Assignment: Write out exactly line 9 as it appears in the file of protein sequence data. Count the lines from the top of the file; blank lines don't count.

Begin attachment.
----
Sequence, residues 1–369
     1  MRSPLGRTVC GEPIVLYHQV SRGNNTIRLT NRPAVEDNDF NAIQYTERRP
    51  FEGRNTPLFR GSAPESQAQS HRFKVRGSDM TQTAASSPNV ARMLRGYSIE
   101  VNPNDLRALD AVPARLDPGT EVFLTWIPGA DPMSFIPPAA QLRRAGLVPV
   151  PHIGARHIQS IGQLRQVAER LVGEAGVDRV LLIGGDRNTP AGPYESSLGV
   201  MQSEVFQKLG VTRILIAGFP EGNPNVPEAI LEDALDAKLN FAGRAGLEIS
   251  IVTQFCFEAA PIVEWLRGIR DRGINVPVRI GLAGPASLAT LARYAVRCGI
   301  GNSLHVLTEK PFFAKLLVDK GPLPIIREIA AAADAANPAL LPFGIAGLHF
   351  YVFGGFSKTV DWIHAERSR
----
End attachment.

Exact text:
   351  YVFGGFSKTV DWIHAERSR